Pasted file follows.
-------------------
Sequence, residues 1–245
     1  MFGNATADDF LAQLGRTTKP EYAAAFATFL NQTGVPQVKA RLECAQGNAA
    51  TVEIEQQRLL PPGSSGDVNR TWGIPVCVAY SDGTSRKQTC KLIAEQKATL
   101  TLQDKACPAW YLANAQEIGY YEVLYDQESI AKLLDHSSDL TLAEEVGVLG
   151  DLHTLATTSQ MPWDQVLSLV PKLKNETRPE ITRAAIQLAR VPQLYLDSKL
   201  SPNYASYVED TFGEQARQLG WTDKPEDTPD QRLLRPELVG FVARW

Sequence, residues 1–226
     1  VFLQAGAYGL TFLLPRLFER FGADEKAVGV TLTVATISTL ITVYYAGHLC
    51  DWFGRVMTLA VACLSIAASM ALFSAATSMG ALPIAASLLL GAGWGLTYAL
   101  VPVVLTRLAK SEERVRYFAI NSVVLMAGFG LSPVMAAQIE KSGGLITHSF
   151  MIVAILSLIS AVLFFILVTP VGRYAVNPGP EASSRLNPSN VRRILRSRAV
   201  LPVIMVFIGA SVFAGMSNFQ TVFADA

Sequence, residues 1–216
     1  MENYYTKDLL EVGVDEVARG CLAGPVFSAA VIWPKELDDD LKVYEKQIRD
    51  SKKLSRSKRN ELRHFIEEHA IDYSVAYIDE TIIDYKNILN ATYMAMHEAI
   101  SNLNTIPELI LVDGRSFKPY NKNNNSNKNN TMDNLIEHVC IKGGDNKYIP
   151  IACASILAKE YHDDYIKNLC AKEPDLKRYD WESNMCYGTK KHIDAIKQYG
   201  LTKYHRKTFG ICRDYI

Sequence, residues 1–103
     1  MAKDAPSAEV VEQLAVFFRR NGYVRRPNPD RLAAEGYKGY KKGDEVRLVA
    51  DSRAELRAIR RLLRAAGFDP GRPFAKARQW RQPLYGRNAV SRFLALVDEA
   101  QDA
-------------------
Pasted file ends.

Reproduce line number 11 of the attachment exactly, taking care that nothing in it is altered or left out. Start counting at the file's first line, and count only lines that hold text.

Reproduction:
   151  MIVAILSLIS AVLFFILVTP VGRYAVNPGP EASSRLNPSN VRRILRSRAV